Recent Awards 

Dr. Fred Oswald was elected to become president of Society of Industrial and Organizational Psychology in 2017. 

Dr. Fred Oswald (Associate Editor) and Dr. Mike Byrne (Contributing Author) are both featured in December 2016 special issue of Psychological Methods on Big Data

Dr. Fred Oswald chaired the July 2016 National Academy of Sciences Workshop on Personnel Selection in Forensic Science: Using Measurement to Hire Pattern Evidence Examiners. Read more information here.

Dr. Fred Oswald became Fellow of Division 8 (Personality and Social Psychology) of the American Psychological Association in August 2016. Read more information here.


Link between heart disease risk factors and depression is biological, not behavioral

Biology, rather than personal behavior, may be responsible for the link between depression and risk factors for heart disease, according to a new study from Rice University.

Study identifies factors that lead to greater college success

Educational attainment is a national priority because it creates both economic and personal gains: higher incomes, better individual and family health and deeper civic engagement. U.S. college enrollments are increasing, suggesting greater educational attainment; however, national college completion rates are lagging behind other developed nations.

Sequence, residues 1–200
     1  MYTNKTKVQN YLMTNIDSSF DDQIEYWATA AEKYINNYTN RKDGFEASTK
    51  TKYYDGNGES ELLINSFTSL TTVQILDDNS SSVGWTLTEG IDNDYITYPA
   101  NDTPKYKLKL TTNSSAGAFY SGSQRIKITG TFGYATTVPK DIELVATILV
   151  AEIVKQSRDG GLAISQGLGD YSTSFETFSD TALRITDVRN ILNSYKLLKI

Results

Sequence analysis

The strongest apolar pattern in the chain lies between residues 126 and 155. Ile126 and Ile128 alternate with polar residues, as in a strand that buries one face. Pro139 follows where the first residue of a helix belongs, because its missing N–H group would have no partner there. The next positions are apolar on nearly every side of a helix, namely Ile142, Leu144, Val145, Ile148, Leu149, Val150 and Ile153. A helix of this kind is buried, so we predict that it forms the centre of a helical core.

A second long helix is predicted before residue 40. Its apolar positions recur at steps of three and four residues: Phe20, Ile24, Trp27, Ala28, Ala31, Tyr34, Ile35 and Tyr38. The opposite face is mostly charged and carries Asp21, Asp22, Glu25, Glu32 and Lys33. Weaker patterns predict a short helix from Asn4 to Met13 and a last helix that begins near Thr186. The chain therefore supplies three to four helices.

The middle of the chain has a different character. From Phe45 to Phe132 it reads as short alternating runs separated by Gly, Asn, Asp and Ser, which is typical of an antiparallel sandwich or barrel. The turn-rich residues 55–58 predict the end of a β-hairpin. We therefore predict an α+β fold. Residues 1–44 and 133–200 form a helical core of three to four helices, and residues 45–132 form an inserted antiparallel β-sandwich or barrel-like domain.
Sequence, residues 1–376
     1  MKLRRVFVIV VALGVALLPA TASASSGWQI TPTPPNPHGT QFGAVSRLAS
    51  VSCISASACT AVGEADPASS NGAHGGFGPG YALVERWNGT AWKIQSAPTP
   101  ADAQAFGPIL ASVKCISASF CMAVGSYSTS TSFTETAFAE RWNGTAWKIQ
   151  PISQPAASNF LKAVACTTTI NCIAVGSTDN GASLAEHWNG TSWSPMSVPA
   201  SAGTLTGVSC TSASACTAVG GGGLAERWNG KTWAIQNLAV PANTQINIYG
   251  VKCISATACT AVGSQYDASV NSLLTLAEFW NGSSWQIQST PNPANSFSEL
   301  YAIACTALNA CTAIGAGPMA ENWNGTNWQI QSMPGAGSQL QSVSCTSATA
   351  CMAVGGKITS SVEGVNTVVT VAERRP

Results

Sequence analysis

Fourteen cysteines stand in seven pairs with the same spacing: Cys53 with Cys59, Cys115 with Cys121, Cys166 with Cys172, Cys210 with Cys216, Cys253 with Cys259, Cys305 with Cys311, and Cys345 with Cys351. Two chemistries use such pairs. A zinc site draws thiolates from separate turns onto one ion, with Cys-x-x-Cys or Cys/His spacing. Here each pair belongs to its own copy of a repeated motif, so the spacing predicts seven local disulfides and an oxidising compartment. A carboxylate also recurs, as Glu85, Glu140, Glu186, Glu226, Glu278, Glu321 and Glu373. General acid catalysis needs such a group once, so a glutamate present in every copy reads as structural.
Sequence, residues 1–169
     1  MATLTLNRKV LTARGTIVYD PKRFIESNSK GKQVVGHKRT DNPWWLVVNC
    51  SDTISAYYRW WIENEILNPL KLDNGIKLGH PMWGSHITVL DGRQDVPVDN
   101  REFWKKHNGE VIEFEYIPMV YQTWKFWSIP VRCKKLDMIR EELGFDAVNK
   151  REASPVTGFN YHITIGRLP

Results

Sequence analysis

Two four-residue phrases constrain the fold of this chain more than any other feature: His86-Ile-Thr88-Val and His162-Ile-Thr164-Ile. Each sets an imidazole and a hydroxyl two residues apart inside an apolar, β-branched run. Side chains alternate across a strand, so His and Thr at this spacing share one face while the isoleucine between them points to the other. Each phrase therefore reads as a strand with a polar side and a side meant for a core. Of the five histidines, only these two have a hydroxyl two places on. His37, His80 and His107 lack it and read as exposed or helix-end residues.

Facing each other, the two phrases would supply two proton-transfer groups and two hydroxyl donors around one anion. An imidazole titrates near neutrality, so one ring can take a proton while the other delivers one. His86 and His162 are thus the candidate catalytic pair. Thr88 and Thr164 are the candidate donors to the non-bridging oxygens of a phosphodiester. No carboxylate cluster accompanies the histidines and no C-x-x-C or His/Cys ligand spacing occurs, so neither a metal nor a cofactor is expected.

Nine recognized with award for superior teaching

Nine faculty received the 2017 George R. Brown Award for Superior Teaching, which honors top Rice instructors as determined by the votes of alumni who graduated within the past two, three and five years. Congratulations to Sandra Parsons, assistant teaching professor in psychology, for receiving the award.

New method for analyzing brain activity helps understand stroke impact

A new method developed by Rice University psychologists for analyzing brain activity may help better understand what happens to the brain following a stroke.

New tool available could revolutionize social sciences research

“Well, what does the research say?” People ask this question when they want science to inform their interests, and academics ask this question when figuring out what to study next.Thanks to metaBUS, a free new online research tool, this question can now be answered more easily.